As few as five years ago, using environmentally friendly products in the home was something of a pipe dream…unless you wanted to make your own. Leading a green life was filled with compromises that had to be made in the name of personal hygiene, home cleanliness and convenience. Those days are all but behind us now. Now you can find an organic/green version of pretty much every type of product out there.
Shampoo is famous for being terrible for the environment but now, thanks to companies like PureFormulas, you can wash your hair without worrying that choosing to be clean was going to pollute the water supply.
Eco-friendly soap is another good example of this.
If you wanted environmentally friendly soap, you had to buy it from crafters or vendors who specialized in handmade soaps. It was the only way to ensure that you wouldn’t accidentally be spreading chemicals all over your body and then washing them down the drain. Now there are Dr. Bronner’s magic soaps: good at getting you clean and eco-friendly to boot!
Face wash is notorious for being filled with artificial ingredients meant to polish, scrub, enhance, rejuvenate and restore your skin’s youth. Sure there are recipes all over the internet for skin care products you can make with ingredients in yourkitchen cabinets, but if you don’t want to go that route, you can buy Madam Helene’s products. They’re affordable (the face wash is typically less than $5) and feel good on your skin.
Seventh Generation is famous for its line of household cleansers. You can buy everything from countertop cleaner to dish soap to laundry soap. These products are free of sulfides and are safe to have around little kids and pets.
Of course, you can make your own with vinegar and water (and other stuff you’ve got on hand) and that will clean your counters just as well, but that has a funky smell and who wants that?
Even name brands like Tide, Windex, Soft Scrub, etc. are making their products better for the environment. They’ve taken out sulfides and other dangerous elements and have color and odor-less variations of their products available.
When you want to ship a package and you want to pad the contents a little bit what do you use? Most people opt for bubble wrap because packing peanuts are so irritating. Now, though, some of those packing peanuts are biodegradable. You can dissolve them in water or toss them in the compost bin. Several companies have started using vegetable oil to make the foam for the peanuts, which is how that’s possible.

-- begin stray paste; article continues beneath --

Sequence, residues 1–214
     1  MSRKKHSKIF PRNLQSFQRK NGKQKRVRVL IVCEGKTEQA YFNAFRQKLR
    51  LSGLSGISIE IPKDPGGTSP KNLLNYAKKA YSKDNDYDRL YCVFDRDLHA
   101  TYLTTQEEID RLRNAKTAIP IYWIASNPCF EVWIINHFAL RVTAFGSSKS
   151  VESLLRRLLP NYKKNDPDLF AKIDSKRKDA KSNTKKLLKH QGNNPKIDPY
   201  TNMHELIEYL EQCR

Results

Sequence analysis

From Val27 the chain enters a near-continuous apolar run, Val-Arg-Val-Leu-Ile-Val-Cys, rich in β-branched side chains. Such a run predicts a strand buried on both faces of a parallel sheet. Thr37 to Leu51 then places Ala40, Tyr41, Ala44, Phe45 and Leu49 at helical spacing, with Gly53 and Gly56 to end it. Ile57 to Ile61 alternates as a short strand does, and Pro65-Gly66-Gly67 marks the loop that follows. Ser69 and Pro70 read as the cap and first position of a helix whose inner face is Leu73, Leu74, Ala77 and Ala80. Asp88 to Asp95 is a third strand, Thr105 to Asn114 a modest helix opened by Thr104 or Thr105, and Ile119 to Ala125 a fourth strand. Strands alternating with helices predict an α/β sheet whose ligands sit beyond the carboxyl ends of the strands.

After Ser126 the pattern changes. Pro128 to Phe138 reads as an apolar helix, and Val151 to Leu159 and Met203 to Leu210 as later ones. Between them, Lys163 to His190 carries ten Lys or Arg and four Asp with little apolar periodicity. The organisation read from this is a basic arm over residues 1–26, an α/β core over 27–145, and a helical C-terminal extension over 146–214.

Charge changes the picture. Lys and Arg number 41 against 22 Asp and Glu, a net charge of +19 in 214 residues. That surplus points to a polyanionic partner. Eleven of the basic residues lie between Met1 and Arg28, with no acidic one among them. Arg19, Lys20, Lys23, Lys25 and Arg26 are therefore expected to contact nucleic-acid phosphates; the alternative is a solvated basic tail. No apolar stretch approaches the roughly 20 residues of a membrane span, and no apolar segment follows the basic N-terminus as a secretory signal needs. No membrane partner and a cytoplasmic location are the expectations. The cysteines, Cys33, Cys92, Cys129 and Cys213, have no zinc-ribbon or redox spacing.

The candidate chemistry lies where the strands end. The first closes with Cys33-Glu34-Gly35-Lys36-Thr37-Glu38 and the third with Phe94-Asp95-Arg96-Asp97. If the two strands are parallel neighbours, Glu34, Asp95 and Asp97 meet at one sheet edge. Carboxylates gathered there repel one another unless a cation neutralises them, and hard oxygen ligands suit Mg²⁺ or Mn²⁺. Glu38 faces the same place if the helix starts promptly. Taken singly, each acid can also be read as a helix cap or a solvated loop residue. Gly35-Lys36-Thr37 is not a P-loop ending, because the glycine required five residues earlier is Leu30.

Ziploc bags and other kitchen “saver” type bags can now be recycled–you simply drop them off in the same bin that you’d drop used plastic grocery bags in at the grocery store.
There are even a few companies out there now exploring the use of corn starch in plastic containers to make those containers compostable.
While not usable within the home, it’s worth noting that more cities are converting the vehicles they use for public transit (train cars, busses, shuttle vans) to biodiesel/hybrid engines to help make taking public transit even more environmentally friendly. Now you can take the bus without having to worry that you’re still contributing to a drop your city’s air quality index.
These are just some of the things that you encounter on a regular basis that have gotten better for the environment. The eco-friendly industry is realizing (slowly but surely) that the answer is not trying to change the consumers but changing the products they use. This way, even without realizing it, people are causing less harm to the planet—without having to change a single habit of their own.
Whether or not this is actually beneficial is another article for another time. Isn’t it nice to know in the meantime that you can continue using products you love without having to worry about the Green Police giving you a hard time?